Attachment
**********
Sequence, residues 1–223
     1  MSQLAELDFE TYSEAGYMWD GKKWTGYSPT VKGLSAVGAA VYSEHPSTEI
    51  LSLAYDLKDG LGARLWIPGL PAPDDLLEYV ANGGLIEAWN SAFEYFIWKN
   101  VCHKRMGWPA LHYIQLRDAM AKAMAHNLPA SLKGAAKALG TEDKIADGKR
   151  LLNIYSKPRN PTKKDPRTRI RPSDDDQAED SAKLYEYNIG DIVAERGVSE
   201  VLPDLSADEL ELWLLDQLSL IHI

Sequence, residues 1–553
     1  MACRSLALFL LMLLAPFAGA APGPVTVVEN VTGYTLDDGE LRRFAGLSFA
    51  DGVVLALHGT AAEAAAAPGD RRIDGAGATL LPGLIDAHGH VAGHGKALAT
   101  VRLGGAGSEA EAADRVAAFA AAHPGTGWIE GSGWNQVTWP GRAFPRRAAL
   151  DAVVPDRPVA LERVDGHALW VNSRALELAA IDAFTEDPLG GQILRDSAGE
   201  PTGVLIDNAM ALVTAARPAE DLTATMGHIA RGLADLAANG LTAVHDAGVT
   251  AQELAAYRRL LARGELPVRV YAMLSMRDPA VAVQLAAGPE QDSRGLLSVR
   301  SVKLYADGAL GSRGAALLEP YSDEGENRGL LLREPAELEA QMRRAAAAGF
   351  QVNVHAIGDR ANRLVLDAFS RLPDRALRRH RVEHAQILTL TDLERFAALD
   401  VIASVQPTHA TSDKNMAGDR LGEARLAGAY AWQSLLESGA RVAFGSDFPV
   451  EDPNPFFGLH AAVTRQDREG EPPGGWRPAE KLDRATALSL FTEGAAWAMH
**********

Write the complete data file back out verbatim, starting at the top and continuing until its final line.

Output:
Sequence, residues 1–223
     1  MSQLAELDFE TYSEAGYMWD GKKWTGYSPT VKGLSAVGAA VYSEHPSTEI
    51  LSLAYDLKDG LGARLWIPGL PAPDDLLEYV ANGGLIEAWN SAFEYFIWKN
   101  VCHKRMGWPA LHYIQLRDAM AKAMAHNLPA SLKGAAKALG TEDKIADGKR
   151  LLNIYSKPRN PTKKDPRTRI RPSDDDQAED SAKLYEYNIG DIVAERGVSE
   201  VLPDLSADEL ELWLLDQLSL IHI

Sequence, residues 1–553
     1  MACRSLALFL LMLLAPFAGA APGPVTVVEN VTGYTLDDGE LRRFAGLSFA
    51  DGVVLALHGT AAEAAAAPGD RRIDGAGATL LPGLIDAHGH VAGHGKALAT
   101  VRLGGAGSEA EAADRVAAFA AAHPGTGWIE GSGWNQVTWP GRAFPRRAAL
   151  DAVVPDRPVA LERVDGHALW VNSRALELAA IDAFTEDPLG GQILRDSAGE
   201  PTGVLIDNAM ALVTAARPAE DLTATMGHIA RGLADLAANG LTAVHDAGVT
   251  AQELAAYRRL LARGELPVRV YAMLSMRDPA VAVQLAAGPE QDSRGLLSVR
   301  SVKLYADGAL GSRGAALLEP YSDEGENRGL LLREPAELEA QMRRAAAAGF
   351  QVNVHAIGDR ANRLVLDAFS RLPDRALRRH RVEHAQILTL TDLERFAALD
   401  VIASVQPTHA TSDKNMAGDR LGEARLAGAY AWQSLLESGA RVAFGSDFPV
   451  EDPNPFFGLH AAVTRQDREG EPPGGWRPAE KLDRATALSL FTEGAAWAMH